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The Cupboards Were Bare

Memoir Excerpt: “When I called Angie in Richmond, she said they were in the middle of moving to a better apartment and not to come down right away. I guess that bought her a couple of weeks. Short of being in China, she knew she’d have to face me sooner or later.I drove down to see them when school was out: hardly any furniture in this new place. Moving toward a closed door across the room, Angie warned me, “Don’t go in the bedroom!” OK, I thought to myself, what’s she hiding now? So I changed the subject. “I’m starving, Angie, what’s to eat?” I asked. There was nothing to eat in the whole house. I drove two hours to see her, and after twenty minutes of being polite, she went to vomit in the bathroom and asked me to leave because she was feeling really sick. Uh-huh. Now I was remembering like a bad dream that lost half hour when Angie disappeared in Miami six months earlier. Now I could see with my own eyes what was eating her alive like a nasty virus. Heroin addicts don’t always die from overdoses. Many die from starvation. I said goodbye, I love you, take care of yourselves. I’d gotten very good at bravely moving forward with my life, doing the next right thing for myself, leaving her to manage by herself, even though I knew she was on a suicide mission. Five years in the Program were starting to sink in. But not fast enough. I would have to grow a lot more hair on my chest before I would...

Carpe Diem

Don’t Worry “There are two days in every week about which we should not worry. One is yesterday, with its mistakes and cares, its aches and pains. Yesterday has passed forever beyond our control. The other day is tomorrow, with its possible adversities and blunders. Until its sun rises we have no stake in tomorrow, for it is yet unborn. That leaves only one day—today. Anyone can fight the battle of just one day. It is only when we add the burden of those two awful eternities—yesterday and tomorrow—that contentment will escape...

Expectations

Memoir Excerpt: “In recovery, we learn to profoundly adjust our expectations, hard as it is. We raised one child, and now we have another. We are all too aware of the change that drugs have produced in our children. A parent wrote in Sharing Experience, Strength and Hope a very revealing statement, something I could have written myself. It is a key to understanding my story, my mother and father’s stories, and my daughter’s painful struggle: ‘I expected my children to be perfect, to always do the right thing. I tried to control them by giving them direction and making them do things in a way that I felt was correct! When they didn’t, I could not handle it. I could not accept their drug use and I felt that their behavior was a reflection on me. I was embarrassed for myself and scared to death for them. I became so distrusting of my children that I showed them no respect. I would meddle and invade their privacy looking for any excuse to challenge and confront them. When I came to Nar-Anon, I learned that my interference and my attempts at controlling them were actually standing in the way of their recovery. I learned to let go of the control I never had in the first place....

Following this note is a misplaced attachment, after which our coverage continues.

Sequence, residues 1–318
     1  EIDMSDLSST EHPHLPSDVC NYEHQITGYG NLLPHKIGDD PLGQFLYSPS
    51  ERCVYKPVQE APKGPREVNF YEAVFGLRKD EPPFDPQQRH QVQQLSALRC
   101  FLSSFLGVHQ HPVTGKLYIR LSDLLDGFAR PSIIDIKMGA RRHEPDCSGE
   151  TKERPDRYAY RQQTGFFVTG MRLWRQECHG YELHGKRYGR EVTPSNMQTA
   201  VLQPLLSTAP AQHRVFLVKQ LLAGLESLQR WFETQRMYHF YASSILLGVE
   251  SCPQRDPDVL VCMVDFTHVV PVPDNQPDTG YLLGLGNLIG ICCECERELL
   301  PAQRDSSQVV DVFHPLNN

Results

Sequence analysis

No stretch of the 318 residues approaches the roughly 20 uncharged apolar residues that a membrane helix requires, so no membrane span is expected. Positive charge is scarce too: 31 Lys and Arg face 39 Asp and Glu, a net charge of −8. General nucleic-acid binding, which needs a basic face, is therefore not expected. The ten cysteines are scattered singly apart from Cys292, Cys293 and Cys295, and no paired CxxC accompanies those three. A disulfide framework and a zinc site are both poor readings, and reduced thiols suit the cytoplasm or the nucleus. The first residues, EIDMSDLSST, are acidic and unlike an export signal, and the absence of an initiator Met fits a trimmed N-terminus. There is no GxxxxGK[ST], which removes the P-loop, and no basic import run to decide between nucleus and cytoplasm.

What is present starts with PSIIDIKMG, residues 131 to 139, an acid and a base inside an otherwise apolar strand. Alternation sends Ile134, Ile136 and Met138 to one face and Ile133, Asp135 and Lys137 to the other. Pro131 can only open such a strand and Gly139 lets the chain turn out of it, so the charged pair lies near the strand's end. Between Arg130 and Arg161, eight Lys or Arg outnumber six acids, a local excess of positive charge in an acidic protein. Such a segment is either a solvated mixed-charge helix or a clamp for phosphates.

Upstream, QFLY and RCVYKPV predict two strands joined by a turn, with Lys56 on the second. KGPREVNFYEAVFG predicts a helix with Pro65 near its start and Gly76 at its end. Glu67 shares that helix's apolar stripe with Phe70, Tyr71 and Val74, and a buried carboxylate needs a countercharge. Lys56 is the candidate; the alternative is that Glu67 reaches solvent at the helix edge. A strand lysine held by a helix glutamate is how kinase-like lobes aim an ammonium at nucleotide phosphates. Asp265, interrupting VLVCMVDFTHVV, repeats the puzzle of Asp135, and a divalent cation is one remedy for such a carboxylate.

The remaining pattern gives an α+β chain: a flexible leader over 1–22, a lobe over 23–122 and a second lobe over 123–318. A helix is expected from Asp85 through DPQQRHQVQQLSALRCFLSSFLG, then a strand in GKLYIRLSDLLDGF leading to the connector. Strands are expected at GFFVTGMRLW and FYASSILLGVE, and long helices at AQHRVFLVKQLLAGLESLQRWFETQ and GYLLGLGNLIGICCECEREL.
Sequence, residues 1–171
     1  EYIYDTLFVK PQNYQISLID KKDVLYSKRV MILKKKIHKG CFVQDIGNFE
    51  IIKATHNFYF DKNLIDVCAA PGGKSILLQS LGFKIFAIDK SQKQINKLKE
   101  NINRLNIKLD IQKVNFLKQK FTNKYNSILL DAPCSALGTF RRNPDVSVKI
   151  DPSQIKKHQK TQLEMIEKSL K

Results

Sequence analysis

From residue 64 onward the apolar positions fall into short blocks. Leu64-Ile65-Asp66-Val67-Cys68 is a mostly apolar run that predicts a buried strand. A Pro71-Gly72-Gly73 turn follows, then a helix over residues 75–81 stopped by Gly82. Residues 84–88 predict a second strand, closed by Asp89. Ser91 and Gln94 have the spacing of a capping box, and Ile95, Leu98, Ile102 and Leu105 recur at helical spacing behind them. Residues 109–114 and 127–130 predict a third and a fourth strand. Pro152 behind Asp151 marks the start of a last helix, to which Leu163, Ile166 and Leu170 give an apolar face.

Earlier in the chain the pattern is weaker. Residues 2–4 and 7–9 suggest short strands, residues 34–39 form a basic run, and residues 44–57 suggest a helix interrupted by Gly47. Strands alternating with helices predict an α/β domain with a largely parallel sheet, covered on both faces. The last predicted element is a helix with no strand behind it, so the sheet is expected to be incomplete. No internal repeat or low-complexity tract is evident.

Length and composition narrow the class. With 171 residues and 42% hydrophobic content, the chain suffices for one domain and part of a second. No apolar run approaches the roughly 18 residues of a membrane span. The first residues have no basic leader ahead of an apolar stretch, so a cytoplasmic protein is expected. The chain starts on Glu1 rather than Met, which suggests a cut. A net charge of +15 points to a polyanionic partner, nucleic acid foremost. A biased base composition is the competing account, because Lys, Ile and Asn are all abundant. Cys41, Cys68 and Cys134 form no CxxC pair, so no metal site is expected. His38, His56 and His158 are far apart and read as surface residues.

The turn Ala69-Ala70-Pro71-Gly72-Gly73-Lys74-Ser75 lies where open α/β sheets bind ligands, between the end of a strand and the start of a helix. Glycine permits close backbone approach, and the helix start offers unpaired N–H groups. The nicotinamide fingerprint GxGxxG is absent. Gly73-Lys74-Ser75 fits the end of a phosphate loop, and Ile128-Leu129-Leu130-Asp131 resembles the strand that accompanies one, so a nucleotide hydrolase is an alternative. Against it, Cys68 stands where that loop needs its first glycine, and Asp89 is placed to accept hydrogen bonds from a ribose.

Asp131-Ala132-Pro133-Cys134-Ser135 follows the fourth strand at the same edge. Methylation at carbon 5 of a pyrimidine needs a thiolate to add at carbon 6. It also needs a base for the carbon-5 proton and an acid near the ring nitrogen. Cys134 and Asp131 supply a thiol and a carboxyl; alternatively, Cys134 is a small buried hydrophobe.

Drug Den

Memoir Excerpt: “Well, the drug-free honeymoon didn’t last. The trouble with NA meetings is there are often lots of using junkies there just looking for contacts—and new drug buddies. So she made a new friend named Hope, with a house, a car, and lots of heroin. If you were Angie, with enough remorse to sink a ship and equal amounts of shame, this would be just what the doctor ordered. Hope’s house, I soon discovered, was a small, two-room dump right next to the beltway in Takoma Park, Maryland. I went to visit them before Gene and I left for a backpacking trip in California. I don’t know what it is about drug addicts. Do they need to be surrounded by chaos or are they just hopelessly oblivious? Angie grew up in a tidy home that was cleaned regularly. She never went to bed without a shower. Who was this person? Two guard dogs, sentinels of this strange domicile, scared me half to death until my daughter pulled them away. There was no path to walk so I climbed over furniture and strewn clothes to find a place to squat. “Where’s Hope, Angie? I’d like to meet your friend.” “Oh, she doesn’t feel well, Mom. She needed to sleep this morning.” This morning, this afternoon, probably all day, I thought to myself. I knew as I sat there in my daughter’s presence exactly where I was and what was going on: Angie and Hope were living in a drug den and they were using drugs. Such clarity—such utter powerlessness. I had a choice right then and there: drag her...